In Palmyra, history is literally written on the walls: across temples and above doorways, encircling funerary monuments and snaking up the towering limestone columns that rise above the Syrian desert some 134 miles (215 km) northeast of Damascus.
These inscriptions were often written both in Greek and Palmyrene Aramaic, a bilingual phenomenon unique to Palmyra. The site is a UNESCO World Heritage site that has been a focus of international attention since May, when the Islamic State (ISIS) seized the territory around the ancient ruins.
The inscriptions provide unique insight into life in a distinctive frontier city where, for centuries, local merchants controlled trade between the Mediterranean and Mesopotamia.
One example: an inscription from around 130 A.D., in which the Senate of Palmyra honored a citizen named Male Agrippa for building a temple dedicated to Baal Shamin, the Semitic god of the heavens, to commemorate an earlier visit by the Roman emperor Hadrian. The bilingual dedication was inscribed at the entrance to the temple, which featured a unique mix of Roman and Near Eastern architectural styles.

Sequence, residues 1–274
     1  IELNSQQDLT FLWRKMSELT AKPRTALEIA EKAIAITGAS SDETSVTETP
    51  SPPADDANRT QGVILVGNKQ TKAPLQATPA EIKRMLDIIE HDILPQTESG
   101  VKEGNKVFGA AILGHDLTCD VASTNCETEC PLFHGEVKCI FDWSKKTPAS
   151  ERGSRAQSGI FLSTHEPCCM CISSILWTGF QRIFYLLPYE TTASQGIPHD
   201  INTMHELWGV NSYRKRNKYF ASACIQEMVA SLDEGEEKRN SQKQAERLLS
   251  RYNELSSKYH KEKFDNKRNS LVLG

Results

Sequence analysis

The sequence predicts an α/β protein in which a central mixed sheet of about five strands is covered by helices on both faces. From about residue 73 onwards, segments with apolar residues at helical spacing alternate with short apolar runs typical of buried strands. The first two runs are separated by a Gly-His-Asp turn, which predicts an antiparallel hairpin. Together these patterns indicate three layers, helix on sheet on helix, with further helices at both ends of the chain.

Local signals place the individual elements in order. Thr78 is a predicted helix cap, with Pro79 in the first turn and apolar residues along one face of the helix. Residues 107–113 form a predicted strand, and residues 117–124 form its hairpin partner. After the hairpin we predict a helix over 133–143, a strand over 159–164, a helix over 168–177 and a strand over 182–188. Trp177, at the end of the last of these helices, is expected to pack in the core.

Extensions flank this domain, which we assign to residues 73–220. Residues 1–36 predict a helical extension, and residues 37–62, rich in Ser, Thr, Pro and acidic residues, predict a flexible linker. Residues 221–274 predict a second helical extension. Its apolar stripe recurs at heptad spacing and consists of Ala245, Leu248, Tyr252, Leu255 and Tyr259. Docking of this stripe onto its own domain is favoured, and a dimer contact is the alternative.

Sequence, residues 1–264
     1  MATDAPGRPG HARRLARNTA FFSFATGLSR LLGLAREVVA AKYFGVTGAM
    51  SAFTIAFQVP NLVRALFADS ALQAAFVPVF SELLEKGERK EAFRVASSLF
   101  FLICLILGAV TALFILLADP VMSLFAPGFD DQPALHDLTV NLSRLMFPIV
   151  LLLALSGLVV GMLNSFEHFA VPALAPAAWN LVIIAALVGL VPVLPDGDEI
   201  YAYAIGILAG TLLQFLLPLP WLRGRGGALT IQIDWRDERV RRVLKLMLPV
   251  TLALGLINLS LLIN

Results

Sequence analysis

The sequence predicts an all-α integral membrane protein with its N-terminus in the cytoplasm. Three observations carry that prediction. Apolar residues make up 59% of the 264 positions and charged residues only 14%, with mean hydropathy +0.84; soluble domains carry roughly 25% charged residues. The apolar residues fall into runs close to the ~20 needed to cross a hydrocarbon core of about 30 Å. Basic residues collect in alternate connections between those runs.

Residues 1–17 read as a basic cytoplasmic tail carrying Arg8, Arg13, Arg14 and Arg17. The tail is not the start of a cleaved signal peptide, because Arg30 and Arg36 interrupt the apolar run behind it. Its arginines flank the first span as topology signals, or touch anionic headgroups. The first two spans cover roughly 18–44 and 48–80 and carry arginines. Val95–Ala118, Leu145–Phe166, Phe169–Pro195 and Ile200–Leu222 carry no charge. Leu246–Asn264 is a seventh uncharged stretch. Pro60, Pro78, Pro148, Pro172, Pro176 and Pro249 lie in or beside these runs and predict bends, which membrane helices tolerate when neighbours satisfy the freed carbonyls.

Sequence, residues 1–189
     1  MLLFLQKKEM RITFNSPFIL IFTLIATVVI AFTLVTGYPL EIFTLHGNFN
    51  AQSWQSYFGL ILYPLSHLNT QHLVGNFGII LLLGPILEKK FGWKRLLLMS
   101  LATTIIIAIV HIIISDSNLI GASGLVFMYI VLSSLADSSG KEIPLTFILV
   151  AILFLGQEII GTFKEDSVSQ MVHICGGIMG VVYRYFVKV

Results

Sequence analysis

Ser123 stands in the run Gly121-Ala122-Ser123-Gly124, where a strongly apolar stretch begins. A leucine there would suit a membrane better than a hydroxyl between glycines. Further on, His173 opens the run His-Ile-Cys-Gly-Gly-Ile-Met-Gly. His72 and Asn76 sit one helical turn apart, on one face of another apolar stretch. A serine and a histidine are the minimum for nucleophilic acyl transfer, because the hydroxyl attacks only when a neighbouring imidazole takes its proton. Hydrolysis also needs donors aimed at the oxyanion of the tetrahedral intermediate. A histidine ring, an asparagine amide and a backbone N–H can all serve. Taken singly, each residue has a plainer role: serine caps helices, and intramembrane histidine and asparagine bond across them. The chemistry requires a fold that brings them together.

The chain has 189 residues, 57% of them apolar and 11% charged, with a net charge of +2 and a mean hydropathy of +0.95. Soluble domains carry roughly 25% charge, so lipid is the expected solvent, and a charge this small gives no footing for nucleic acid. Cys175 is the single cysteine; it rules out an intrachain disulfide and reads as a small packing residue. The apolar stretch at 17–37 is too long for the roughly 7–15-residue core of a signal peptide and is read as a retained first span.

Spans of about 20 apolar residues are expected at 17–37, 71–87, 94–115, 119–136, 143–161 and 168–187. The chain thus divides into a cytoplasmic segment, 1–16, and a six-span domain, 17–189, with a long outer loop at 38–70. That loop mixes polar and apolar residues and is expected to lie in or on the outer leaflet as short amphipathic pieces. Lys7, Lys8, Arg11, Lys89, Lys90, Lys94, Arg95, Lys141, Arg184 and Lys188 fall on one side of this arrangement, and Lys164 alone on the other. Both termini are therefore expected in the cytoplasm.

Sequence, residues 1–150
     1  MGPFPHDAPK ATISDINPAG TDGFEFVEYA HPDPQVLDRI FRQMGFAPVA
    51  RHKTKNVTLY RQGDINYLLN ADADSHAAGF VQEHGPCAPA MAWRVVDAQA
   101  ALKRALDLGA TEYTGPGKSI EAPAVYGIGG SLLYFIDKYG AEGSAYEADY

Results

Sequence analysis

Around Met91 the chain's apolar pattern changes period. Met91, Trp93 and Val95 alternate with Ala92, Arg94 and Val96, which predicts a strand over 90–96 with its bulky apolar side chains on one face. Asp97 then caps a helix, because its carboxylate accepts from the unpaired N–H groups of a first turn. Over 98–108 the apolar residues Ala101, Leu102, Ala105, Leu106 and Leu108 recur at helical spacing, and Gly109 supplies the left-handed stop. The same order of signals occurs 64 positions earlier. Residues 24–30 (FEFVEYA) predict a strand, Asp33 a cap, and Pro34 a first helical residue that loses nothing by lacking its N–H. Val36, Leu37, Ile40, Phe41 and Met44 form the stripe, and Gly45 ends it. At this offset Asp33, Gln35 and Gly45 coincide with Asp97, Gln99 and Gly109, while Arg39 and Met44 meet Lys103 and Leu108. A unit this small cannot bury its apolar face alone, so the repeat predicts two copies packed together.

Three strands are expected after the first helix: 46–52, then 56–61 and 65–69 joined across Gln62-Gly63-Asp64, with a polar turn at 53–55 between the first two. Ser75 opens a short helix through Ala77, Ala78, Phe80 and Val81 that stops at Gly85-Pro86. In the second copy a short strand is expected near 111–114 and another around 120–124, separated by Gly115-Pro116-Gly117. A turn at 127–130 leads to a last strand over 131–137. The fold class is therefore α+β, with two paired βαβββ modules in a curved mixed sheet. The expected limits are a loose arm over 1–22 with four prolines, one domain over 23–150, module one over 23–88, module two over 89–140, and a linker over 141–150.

Male Agrippa’s gift to his city, the Temple of Baal Shamin, was destroyed by the Islamic State last weekend.
Forces from ISIS, allegedly planted improvised explosive devices (IEDs) across the entire site in late June. “I am seeing Palmyra being destroyed in front of my eyes,” says Syria’s Director of Antiquities Maamoun Abdulkarim. “God help us in the days to come.”
In addition to the destruction of the Baal Shamin temple, the Islamic State is responsible for the recent torture and murder of Khaled Asaad, the 82-year-old former director of antiquities at Palmyra. He is survived by 11 children, including a daughter, Zenobia, named after the city’s legendary queen.
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